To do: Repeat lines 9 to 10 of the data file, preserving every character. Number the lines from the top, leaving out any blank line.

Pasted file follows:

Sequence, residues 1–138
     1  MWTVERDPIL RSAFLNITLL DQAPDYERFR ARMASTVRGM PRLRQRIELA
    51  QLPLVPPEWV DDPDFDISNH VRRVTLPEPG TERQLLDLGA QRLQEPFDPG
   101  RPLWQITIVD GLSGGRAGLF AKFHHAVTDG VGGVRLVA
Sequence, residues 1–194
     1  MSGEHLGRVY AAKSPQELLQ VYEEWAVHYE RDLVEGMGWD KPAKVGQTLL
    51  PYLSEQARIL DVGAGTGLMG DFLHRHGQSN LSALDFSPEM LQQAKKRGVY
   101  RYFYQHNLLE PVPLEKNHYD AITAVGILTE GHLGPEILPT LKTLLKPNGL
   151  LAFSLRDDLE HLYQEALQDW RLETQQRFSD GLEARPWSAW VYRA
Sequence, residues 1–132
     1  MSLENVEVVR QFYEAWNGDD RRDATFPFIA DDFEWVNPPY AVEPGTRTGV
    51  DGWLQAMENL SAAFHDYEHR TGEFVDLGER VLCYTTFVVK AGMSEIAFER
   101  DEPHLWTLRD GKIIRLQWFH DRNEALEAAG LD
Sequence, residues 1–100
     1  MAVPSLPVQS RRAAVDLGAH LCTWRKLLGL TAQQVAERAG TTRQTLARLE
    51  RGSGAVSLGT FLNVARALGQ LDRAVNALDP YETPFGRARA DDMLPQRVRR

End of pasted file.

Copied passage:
   151  LAFSLRDDLE HLYQEALQDW RLETQQRFSD GLEARPWSAW VYRA
Sequence, residues 1–132